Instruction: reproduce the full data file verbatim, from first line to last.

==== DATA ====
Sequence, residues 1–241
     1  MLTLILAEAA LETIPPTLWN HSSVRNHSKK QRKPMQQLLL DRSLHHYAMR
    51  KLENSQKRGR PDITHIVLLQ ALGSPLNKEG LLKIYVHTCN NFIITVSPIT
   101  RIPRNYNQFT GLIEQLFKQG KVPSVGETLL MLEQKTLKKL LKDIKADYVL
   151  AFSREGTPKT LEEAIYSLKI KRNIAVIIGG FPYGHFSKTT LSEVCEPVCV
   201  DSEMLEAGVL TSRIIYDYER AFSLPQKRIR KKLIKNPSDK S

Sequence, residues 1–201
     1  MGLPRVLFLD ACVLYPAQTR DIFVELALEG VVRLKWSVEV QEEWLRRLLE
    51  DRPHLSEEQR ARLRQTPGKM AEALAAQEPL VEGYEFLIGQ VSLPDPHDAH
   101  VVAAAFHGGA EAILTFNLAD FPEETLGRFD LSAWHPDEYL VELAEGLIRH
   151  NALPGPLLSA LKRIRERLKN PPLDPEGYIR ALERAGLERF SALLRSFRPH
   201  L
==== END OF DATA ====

Sequence, residues 1–241
     1  MLTLILAEAA LETIPPTLWN HSSVRNHSKK QRKPMQQLLL DRSLHHYAMR
    51  KLENSQKRGR PDITHIVLLQ ALGSPLNKEG LLKIYVHTCN NFIITVSPIT
   101  RIPRNYNQFT GLIEQLFKQG KVPSVGETLL MLEQKTLKKL LKDIKADYVL
   151  AFSREGTPKT LEEAIYSLKI KRNIAVIIGG FPYGHFSKTT LSEVCEPVCV
   201  DSEMLEAGVL TSRIIYDYER AFSLPQKRIR KKLIKNPSDK S

Sequence, residues 1–201
     1  MGLPRVLFLD ACVLYPAQTR DIFVELALEG VVRLKWSVEV QEEWLRRLLE
    51  DRPHLSEEQR ARLRQTPGKM AEALAAQEPL VEGYEFLIGQ VSLPDPHDAH
   101  VVAAAFHGGA EAILTFNLAD FPEETLGRFD LSAWHPDEYL VELAEGLIRH
   151  NALPGPLLSA LKRIRERLKN PPLDPEGYIR ALERAGLERF SALLRSFRPH
   201  L